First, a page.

Anga – limb or category of the yogic path as defined in the Yoga Sutras. Includes asana, dharana, dhyana, niyama, pranayama, pratyahara, samadhi, yama.
Aparigraha – nongreed. One of the yamas (restraints) defined in the Yoga Sutras.
Ardha – half
Asana – seat or the physical yoga posture or pose. See article on Patanjali’s Eightfold Path.
Ashram – A quiet and special place where the principles of yoga and meditation are taught and practiced.
Ashtanga yoga – Physically challenging yoga to build strength, flexibility, and stamina also called power yoga. See article on Yoga Styles.
Asmita – Ego, individuality, I-am-ness.
Asteya – nonstealing. One of the yamas (restraints) defined in the Yoga Sutras.
Avidya – ignorance which is considered the root cause of suffering
Ayurveda – life science – one of India’s traditional systems of medicine
Bandha – locks or holds. Although bandhas are not poses, they are important techniques for improving your practice. They increase deep core muscle strength and they also deepen your mind-body connection. There are three bandhas; mula (base), uddiyana (center), and jalandhara (throat). Engaging all three is called muha bandha.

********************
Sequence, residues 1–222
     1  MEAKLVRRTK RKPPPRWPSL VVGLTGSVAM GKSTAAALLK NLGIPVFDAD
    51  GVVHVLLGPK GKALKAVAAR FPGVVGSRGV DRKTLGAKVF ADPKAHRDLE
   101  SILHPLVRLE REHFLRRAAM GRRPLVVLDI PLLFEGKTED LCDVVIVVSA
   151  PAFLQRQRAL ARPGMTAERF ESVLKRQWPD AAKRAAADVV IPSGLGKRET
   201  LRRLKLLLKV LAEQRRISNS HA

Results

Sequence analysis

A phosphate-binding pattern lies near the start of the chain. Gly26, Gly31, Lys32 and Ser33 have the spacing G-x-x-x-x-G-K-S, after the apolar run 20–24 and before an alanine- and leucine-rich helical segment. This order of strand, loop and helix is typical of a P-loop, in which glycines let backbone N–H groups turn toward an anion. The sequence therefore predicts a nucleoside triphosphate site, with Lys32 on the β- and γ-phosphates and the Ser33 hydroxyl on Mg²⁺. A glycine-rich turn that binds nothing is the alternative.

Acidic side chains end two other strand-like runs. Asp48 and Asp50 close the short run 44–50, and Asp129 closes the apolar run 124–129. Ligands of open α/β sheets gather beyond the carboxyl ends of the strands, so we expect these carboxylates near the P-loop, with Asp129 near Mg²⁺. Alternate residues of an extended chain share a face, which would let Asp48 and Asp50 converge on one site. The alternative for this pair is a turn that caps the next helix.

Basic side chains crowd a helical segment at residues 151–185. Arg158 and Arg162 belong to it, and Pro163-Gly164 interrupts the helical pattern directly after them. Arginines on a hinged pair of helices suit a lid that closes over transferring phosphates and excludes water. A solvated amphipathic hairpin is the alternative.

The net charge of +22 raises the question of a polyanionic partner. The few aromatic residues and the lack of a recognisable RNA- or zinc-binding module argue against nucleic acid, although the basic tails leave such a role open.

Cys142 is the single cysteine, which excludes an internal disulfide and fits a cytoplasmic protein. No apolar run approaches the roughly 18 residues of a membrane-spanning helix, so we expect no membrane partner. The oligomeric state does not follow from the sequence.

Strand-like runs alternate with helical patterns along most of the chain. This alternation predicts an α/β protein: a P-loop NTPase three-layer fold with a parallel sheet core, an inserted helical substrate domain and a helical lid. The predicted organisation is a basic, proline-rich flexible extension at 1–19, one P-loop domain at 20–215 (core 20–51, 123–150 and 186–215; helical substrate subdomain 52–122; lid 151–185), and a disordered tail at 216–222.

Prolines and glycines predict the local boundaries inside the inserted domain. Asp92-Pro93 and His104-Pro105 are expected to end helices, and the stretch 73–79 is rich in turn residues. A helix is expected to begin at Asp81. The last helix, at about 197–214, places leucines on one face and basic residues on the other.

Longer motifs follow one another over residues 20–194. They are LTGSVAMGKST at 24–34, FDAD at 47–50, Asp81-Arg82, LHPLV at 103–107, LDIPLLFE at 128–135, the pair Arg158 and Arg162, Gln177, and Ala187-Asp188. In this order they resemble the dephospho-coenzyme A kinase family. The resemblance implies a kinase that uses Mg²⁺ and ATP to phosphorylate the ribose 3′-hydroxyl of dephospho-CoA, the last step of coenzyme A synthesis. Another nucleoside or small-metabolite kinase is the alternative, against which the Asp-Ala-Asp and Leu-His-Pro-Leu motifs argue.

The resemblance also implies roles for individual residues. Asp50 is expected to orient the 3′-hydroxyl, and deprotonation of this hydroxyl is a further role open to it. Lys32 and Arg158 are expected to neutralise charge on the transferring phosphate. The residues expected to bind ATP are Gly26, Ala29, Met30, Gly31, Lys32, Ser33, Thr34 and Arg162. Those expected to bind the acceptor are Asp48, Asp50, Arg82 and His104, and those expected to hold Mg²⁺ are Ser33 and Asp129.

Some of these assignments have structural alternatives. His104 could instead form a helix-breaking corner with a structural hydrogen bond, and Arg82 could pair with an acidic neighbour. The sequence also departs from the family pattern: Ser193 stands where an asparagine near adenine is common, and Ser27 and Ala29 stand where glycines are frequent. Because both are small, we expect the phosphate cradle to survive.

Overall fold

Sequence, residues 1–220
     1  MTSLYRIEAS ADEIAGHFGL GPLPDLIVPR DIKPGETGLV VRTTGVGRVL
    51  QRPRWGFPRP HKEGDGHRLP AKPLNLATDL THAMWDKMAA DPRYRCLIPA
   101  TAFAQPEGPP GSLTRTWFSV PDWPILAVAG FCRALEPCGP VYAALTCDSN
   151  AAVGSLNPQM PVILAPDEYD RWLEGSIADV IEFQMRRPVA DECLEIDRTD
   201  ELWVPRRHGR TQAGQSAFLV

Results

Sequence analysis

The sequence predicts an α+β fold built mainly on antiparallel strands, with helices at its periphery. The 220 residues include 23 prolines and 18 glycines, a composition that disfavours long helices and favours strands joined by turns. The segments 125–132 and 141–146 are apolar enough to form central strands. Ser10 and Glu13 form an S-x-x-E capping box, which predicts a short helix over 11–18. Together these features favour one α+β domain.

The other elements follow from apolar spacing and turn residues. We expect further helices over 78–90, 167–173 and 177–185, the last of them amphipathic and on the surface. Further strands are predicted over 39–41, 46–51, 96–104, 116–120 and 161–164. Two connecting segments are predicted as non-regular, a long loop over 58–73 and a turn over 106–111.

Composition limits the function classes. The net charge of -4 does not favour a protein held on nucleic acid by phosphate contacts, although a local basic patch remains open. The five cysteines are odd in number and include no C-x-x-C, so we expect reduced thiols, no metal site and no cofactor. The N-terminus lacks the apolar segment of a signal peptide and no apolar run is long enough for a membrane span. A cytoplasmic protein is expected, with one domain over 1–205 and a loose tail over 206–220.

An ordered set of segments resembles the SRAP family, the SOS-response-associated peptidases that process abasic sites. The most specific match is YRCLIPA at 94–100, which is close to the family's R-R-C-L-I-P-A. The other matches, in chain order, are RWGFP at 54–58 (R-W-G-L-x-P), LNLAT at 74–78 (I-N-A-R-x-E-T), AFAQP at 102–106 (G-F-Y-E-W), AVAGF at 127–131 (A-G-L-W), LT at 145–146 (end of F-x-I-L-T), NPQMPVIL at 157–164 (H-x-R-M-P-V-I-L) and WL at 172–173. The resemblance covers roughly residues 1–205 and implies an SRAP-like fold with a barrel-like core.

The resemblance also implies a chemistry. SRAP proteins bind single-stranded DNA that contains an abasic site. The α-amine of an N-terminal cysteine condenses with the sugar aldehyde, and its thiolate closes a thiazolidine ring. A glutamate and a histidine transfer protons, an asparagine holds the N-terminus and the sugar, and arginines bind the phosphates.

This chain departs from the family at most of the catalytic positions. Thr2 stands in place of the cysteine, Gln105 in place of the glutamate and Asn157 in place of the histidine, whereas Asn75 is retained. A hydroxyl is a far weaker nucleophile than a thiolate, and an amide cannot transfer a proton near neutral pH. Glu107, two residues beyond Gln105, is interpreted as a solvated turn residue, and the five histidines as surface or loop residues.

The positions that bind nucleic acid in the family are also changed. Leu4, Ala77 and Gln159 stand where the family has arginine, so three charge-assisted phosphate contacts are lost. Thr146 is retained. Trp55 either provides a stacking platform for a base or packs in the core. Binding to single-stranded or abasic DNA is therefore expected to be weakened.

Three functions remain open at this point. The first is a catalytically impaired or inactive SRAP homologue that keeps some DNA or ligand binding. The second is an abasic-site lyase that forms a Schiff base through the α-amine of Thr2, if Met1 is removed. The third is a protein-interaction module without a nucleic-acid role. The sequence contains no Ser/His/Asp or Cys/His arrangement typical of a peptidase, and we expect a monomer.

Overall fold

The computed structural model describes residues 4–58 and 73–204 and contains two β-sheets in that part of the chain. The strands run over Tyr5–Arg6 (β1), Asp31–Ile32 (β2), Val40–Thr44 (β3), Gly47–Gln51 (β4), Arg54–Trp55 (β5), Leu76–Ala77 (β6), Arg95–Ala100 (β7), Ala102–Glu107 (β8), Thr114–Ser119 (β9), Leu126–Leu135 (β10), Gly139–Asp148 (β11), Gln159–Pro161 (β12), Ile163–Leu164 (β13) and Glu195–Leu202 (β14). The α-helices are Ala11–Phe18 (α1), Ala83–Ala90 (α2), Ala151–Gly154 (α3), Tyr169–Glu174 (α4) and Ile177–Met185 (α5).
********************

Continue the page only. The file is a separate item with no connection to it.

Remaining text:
Brahmacharya – Purity, abstinence, chastity. One of the yamas (restraints) defined in the Yoga Sutras.
Chakras – wheels. Centers of radiating life force or energy located between the base of the spinal column and the crown of the head. There are seven chakras that store and release life force (prana).
Chitta – the mind.
Dharana – holding firm. This is the practice of concentration by holding the mind to one thing. See article on Patanjali’s Eightfold Path.
Dharma – life path focused on self-discipline and a life of responsibility and right action.
Dhyana – meditation or contemplation. The process of quieting the mind. See article on Patanjali’s Eightfold Path.